A Jordanian terrorist plot uncovered and stopped in late October before it could be carried out is indicative of a resurgent Al Qaeda in Iraq.
The goal of the planned attack was to capture the U.S. Embassy in Jordan.
The plan was to unfold with terrorists targeting the city of Amman, to “bring [it] to its knees.” This plan was to include suicide bombs at two shopping malls, car bombs in the streets, and suppressive machine gun fire on local cafes.
After catching the city off guard, the terrorists then planned to assault the embassy with morter shells and other weapons acquired “from Syria’s civil war.”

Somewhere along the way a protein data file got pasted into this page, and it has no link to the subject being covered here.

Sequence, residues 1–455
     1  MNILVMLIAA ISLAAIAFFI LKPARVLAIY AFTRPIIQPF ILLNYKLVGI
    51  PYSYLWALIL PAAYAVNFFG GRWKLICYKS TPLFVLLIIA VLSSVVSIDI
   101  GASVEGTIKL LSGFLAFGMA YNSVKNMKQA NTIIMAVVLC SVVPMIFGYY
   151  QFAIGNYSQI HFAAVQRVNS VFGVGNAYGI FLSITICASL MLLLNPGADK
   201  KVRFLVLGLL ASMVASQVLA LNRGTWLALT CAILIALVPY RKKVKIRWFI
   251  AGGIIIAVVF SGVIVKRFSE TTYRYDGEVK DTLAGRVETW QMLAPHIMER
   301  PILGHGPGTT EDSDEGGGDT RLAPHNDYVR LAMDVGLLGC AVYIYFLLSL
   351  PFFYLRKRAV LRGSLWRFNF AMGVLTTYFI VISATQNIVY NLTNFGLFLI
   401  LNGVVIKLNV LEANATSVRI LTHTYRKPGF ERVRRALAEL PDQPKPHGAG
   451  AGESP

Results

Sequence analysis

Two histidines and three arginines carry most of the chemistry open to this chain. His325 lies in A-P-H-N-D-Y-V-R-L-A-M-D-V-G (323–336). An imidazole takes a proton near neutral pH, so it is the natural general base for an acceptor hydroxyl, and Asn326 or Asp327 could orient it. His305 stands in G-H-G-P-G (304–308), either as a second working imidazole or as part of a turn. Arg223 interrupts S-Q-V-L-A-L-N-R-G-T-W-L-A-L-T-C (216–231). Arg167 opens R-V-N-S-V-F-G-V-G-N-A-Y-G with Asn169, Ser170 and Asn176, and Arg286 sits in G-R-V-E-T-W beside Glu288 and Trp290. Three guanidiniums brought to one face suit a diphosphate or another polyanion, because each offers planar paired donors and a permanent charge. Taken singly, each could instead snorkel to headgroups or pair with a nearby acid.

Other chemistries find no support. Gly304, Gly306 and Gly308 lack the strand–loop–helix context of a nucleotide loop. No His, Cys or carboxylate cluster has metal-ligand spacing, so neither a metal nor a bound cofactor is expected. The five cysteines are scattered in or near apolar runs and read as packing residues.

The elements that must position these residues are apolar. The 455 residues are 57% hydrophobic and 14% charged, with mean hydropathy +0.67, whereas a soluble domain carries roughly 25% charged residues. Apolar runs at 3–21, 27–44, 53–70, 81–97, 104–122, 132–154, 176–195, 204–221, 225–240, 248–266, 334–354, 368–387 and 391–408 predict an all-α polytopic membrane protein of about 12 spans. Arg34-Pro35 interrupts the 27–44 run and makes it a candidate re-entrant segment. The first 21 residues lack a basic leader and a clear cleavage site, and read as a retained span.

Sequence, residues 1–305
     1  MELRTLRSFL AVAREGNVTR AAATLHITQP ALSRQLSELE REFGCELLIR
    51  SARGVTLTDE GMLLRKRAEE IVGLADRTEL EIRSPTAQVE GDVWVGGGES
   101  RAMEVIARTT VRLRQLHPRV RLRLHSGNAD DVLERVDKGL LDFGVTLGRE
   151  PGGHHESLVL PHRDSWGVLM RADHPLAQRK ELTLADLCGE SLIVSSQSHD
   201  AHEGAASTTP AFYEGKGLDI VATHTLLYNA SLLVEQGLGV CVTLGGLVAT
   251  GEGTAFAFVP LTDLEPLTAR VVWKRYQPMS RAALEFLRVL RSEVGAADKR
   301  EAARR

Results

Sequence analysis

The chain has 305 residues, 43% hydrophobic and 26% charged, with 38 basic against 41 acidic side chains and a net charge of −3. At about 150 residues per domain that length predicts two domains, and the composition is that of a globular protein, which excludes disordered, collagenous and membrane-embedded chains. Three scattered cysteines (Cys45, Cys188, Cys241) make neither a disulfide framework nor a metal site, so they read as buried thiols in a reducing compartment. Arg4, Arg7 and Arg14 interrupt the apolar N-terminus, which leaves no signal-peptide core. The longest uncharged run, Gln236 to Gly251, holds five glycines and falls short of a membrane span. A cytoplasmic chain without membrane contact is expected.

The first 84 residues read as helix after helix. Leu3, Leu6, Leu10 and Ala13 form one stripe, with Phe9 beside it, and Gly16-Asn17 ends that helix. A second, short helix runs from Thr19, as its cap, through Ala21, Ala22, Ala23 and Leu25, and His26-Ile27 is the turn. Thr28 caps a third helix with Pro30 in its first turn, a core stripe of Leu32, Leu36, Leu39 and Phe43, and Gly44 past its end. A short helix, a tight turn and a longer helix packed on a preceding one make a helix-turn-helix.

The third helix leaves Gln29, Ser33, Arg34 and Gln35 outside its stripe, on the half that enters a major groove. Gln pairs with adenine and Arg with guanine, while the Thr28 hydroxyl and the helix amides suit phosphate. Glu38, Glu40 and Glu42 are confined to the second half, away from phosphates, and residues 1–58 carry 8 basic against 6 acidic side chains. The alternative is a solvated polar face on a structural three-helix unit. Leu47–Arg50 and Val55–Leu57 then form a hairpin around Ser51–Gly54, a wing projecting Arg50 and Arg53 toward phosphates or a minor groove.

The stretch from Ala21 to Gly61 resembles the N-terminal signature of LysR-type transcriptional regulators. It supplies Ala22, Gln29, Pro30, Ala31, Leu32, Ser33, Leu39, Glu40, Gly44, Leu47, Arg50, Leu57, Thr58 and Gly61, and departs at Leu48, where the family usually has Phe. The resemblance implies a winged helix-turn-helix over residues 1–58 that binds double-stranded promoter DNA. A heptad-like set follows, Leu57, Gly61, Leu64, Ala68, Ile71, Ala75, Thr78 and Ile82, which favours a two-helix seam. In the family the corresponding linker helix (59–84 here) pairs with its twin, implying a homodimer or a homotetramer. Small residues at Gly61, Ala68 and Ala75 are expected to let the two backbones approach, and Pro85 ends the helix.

One Jordanian official said the group’s goal was to “kill as many people as possible.” However, Jordanian officials prevented the attack by arresting the 11 ringleaders behind the plot.
Officials made it clear that although all the men arrested were Jordanians, the investigation “has confirmed [a] key role [was] played by Al Qaeda’s Iraqi branch,” which has reportedly been “rebounding” since U.S. troops left Iraq.
This resurgence of Al Qaeda in Iraq comes as Al Qaeda affiliates are growing stronger elsewhere, particularly Al Qaeda in the Arabian Peninsula and Al Qaeda in the Islamic Maghreb.
Moreover, many Al Qaeda fighters are affliating with the Syrian opposition, where they gather weapons and then move on in hopes of carrying out terror plots like the one which was foiled in Amman.